The land is the source of my materials and the source of my ideas. The unique origin and history of a material sparks my imagination.
Stone embodies and imbues time. Liquid magma spews from the earth's core, merges with air or seawater, and as it cools, forms granite and basalt. I find this elemental and alchemic process awe-inspiring. As an artist I go through a similar alchemical process. I take a nebulous idea and transform it into a painting or sculpture. When I created the sculpture Memory of Rain, I cut and polished the solid basalt, melding its molten origins into the shape of falling raindrops or tears.
My sculptures River Mouth, History of Water and Web are made of bronze horsetail grasses and stone. Horsetail or equisetum has flourished on earth for a hundred million years. It is a living fossil. I use ceramic shell molds to direct cast horsetail grasses into bronze. NASA engineers invented ceramic shell because they required a material to withstand the intense heat of a rocket hurling through earth's atmosphere. The principal ingredient of ceramic shell is silica and it’s also the primary element in horsetails.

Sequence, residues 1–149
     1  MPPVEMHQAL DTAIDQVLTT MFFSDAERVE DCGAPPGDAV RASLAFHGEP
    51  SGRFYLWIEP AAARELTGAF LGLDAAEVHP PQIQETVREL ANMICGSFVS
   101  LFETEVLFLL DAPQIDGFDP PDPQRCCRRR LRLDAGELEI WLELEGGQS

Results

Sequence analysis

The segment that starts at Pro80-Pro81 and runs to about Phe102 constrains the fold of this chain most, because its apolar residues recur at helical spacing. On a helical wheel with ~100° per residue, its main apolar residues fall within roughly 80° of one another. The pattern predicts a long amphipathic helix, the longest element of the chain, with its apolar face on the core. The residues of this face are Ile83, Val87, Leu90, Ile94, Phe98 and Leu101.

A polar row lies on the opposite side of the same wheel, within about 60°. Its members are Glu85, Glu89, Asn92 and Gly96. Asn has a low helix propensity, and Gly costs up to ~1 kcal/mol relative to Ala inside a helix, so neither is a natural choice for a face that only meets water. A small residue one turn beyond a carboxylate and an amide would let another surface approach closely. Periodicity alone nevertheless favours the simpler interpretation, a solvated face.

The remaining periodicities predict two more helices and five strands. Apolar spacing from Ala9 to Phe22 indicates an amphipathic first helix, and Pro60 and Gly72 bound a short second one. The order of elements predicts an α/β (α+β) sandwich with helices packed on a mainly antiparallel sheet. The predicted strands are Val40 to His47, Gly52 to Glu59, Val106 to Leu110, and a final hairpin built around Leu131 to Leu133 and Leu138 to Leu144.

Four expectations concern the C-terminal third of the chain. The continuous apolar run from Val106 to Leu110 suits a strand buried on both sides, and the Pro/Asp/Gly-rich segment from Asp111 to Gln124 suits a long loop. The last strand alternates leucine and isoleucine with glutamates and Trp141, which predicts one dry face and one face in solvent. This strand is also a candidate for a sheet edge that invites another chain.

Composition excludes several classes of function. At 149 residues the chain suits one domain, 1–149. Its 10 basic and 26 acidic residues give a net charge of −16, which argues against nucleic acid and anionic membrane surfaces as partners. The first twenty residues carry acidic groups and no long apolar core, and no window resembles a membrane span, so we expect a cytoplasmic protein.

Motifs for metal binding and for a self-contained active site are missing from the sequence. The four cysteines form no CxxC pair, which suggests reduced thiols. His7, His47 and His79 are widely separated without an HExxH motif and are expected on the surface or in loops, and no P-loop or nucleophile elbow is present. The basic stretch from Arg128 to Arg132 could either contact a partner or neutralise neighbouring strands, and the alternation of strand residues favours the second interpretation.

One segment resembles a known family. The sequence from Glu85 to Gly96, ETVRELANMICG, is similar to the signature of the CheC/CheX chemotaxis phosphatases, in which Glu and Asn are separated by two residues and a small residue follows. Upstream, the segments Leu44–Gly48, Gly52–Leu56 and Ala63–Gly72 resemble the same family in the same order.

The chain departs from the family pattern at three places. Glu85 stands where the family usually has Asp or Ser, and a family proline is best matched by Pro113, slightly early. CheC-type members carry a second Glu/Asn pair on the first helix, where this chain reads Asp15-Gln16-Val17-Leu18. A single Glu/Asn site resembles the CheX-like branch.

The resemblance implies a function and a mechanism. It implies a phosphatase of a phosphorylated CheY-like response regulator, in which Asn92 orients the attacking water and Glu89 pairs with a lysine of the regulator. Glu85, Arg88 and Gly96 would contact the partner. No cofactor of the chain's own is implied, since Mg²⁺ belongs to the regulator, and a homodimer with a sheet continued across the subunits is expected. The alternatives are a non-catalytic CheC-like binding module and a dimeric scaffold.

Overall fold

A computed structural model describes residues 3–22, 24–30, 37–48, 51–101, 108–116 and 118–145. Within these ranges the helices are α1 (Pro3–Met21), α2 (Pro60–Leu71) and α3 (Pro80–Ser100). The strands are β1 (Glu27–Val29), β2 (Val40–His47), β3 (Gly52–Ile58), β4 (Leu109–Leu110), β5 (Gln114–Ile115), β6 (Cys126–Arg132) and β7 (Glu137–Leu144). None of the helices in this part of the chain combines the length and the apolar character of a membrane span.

Silica is also a basic part of stone and of course is the sand on the beach. When I walk barefoot on the beach, and when I make art, I am physically, philosophically and spiritually at the heart of the whole fabulous complexity of life.
With knowledge, inspiration, training and tools, I enter the unknown, striving to convey the fluidity of time, the weight of mountains, the openness of sky.